#1
I'm trying for the first time to write using an eastern scale. Using the scale for lead is simple enough, but I can't think of any chords that accompany it. Minor, Sus 4 and Sus 2 chords kinda fit, but don't quite seem right. The scale I'm using is 1 b2 3 4 5 b6.
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#2
You could always make chords using the scale itself, just by inventing combinations of notes from the scale that sound good. Or you could use implicit chords and just use 2 notes in the chords, thus making them in accordance as well as being a little more inventive.
#3
Please clarify what you mean by "eastern"
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#4
Quote by Corwinoid
Please clarify what you mean by "eastern"

"Eastern" may have been kind of vague. Generally what I have in mind is seen as being of a middle eastern origin. Basically dark, exotic sounding minor chords. If you try playing the scale, you'll have an idea of the sound I'm looking for.
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#5
Use the scale function in gp to help you see chords on the fretboard easier. Your progression can be arpeggios that are not neccesarily complete triads but still have progression or moving line in them. The example in gp is the most basic one i could think of. Also since there is no 7th in the scale your strongest point of resolution(at least to my ears) is the minor second, so it will probably sound better if you have b2-1 movement in your cadence.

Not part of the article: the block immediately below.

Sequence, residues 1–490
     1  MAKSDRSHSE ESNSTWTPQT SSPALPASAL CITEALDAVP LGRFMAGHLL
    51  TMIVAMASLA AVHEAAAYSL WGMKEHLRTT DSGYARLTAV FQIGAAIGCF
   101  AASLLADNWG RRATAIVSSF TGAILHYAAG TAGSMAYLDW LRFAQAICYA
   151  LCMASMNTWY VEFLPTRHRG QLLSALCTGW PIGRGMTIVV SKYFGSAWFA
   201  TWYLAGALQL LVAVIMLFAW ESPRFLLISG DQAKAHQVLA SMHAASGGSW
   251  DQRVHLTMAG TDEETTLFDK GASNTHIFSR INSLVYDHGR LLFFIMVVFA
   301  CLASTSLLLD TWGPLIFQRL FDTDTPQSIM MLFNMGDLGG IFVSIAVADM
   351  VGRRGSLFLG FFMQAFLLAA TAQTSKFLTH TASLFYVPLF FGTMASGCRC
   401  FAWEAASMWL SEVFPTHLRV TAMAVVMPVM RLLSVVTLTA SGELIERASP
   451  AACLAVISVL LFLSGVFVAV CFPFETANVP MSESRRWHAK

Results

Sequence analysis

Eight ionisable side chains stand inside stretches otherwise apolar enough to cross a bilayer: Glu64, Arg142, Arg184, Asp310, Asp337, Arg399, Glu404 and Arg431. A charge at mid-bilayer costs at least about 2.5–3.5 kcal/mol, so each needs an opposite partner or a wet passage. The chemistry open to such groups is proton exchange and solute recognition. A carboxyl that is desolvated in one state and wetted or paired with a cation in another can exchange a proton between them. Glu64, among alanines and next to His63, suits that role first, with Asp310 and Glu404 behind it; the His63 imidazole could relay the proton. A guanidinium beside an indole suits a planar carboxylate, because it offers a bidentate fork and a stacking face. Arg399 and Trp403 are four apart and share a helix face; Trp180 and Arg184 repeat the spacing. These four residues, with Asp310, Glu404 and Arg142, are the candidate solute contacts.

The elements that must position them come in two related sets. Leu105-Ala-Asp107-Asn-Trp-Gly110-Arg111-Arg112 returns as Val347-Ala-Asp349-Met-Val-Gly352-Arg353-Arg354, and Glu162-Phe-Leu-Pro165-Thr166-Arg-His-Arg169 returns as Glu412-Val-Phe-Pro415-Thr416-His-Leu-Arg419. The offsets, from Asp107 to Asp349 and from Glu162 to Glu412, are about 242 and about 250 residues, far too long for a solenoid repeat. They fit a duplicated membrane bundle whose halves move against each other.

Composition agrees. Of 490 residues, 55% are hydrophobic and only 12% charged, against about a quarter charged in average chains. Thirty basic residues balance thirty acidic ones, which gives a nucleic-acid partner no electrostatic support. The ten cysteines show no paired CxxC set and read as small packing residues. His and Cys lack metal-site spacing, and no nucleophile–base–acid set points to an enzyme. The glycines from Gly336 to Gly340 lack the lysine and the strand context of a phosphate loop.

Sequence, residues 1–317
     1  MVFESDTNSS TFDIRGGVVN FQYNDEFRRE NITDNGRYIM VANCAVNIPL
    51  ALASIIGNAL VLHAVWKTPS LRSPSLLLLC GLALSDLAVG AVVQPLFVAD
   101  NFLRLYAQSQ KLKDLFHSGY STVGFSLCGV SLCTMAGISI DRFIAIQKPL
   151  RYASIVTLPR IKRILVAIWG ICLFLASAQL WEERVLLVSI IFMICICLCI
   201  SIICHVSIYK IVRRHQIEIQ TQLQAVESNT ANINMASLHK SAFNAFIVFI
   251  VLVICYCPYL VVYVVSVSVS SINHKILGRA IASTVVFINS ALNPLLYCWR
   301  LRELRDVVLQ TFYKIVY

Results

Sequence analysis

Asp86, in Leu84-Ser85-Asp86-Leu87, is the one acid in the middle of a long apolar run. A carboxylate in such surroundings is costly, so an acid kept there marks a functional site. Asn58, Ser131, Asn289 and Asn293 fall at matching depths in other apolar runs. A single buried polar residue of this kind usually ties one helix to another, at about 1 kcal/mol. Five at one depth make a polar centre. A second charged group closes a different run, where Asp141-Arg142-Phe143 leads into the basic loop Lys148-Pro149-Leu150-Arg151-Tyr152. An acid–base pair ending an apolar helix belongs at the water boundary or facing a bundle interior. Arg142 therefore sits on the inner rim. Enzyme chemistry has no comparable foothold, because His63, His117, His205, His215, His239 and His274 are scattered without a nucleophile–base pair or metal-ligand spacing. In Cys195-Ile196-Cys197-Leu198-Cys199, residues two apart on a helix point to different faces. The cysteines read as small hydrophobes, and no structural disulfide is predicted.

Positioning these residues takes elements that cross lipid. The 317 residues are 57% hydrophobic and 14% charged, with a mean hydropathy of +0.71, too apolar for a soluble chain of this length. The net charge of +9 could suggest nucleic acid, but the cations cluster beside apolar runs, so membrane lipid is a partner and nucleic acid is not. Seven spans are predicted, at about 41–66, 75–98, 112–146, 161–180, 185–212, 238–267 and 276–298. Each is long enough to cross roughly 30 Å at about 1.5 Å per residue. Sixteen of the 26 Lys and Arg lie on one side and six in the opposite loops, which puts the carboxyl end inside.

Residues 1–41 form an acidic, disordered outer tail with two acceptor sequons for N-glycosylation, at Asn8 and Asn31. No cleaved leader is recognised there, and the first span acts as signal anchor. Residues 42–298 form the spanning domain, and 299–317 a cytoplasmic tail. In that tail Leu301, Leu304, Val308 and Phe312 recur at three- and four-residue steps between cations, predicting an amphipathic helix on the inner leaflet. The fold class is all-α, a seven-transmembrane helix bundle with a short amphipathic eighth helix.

Oh, watch out with Cmaj to Fmin as that would move the feel towards F minor because of the E to F movement(assuming the root is C). And one last thing use your bass note to "define" the chords ie C E G with E in the bass will feel more like Eminor with #5 than Cmaj.

Ps: Dont ask me y i was so compelled to help you, i have no idea.
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#6
psst.....that's phrygian dominant hexatonic! essentially the fifth mode of the harmonic scale without the seventh, or harmonic minor without the perfect fourth.
#7
The "eastern" music you are referring uses radically different conventions, and most likely doesn't make use of "chords", as you know them, at all.
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#8
archeo equals correct. they divide notes into semi-semitones which gives 26 different notes in an octave (correct me if i am wrong)
#9
Quote by sisuphi
archeo equals correct. they divide notes into semi-semitones which gives 26 different notes in an octave (correct me if i am wrong)

I believe it's only 24 notes in an octave.

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#10
If you mean things like arab music, or maybe indian, they don't have "chords" as we know them, they are very often homophonic. Melody is more important than harmony, and they have another style of intervals and harmony invented by some al guy (al faribi I think)
#11
I have a fretless bass. Is there a way for me discover/learn non-western musical systems?
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#12
Most Eastern music has a constant drone in the background (usually a tampura) so you are going to want to not stay far from the tonal center.
#13
Quote by ufossuck
The scale I'm using is 1 b2 3 4 5 b6.
Over that scale, only major scales will really fit *well*.

Alot of flamenco progressions (which is about as eastern as I can think of) will use progressions based around the aeolian mode. These progressions are called aeolian harmony's.

I regret to tell, T/S, that there are no magical chords that will sound eastern. Chord progressions, maybe.